Across campus, roughly 8 blocks west of the meeting site, the Holiday Inn only has rooms left at $99 and above.

I have learned that the Department has had very good luck putting up visitors at the StudioPlus, located at the first exit west of downtown on I-26 (Greystone Blvd. exit). It is fairly new, and all rooms come with full kitchen facilities. One can book a regular queen studio for one person, for $49 plus tax (10%). A deluxe queen studio, with a separate kitchen and a sitting area that includes a sofa-bed, is $59 for one, $64 for two adults. Their weekly rates are cheaper for stays of 5 nights. Check their website to see the floor plans. The phone number is (803) 771-0303 or nationally toll-free (888)788-3467.

The StudioPlus is less than 3 miles from the conference by car, without any bus service available. No shuttle service. Pedestrians cannot use the I-26 bridge to cross the nearby Broad River, so walking is not an option. (One can walk down to the scenic Saluda River, however, adjacent to the nationally-recognized Riverbanks Zoo and Botanical Gardens.) Others at the conference can help with rides, or else one can take a taxi.

Other hotel options: A new Hampton's Inn should be open by then on Gervais Street in the Congaree Vista, about 12 blocks away. Claussen's Inn B&B is convenient and highly rated, though it may be pricey. For those with cars, there are many other lodging options near I-26 to the northwest of downtown, especially near Harbison Blvd. (Most of the mathematicians live on this side of town, though not in hotels.)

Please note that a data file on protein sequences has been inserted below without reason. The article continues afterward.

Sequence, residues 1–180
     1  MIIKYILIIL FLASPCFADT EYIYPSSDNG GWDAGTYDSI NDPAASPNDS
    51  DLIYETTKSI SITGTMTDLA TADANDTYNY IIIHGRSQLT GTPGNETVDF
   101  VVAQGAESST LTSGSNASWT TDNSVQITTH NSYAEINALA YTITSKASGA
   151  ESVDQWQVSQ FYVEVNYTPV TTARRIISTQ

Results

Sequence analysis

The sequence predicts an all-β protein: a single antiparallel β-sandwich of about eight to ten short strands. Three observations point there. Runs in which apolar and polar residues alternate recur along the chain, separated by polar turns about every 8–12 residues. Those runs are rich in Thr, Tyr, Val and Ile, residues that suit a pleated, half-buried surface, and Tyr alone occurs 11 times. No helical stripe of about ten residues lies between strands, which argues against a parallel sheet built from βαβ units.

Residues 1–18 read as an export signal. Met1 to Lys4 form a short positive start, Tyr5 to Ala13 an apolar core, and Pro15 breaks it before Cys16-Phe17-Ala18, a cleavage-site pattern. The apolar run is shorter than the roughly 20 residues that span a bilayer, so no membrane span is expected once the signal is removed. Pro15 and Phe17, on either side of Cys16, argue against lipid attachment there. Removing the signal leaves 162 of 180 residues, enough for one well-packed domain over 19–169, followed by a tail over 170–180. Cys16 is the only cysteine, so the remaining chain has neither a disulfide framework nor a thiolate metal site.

Some participants may be interested in sharing accomodations. Let me know if you are looking to do this.

Columbia is served by several major airlines. Delta offers the most connections, through Atlanta and Cincinnati. Delta and several other airlines offer direct flights between Columbia and Newark, New York-La Guardia, Washington-Dulles, Houston, Boston, Dallas, and Philadelphia. A major hub, Charlotte, is a 90-minute drive to the north of Columbia.

Columbia is located on Interstates 20, 26, and 77.

For info. on the city, including hotels, check this Columbia city website.

A large variety of nearby dining options is available in the Five Points shopping district a few blocks east of campus; just west of campus south of the State Capitol; and a few blocks farther west in the trendy and heavily-subsidized Congaree Vista district.

The meeting occurs at what is typically the most beautiful time of year here. A side trip to see the 18th Century gardens and streets of Charleston is recommended. The barrier islands and beaches are very nice as well, all a 2-3 hour drive from here. In Columbia, the Congaree Swamp National Monument, part of the National Park System, is recommended. The Yellow-throated Warblers should be returning by then to the Monument's old-growth floodplain forest.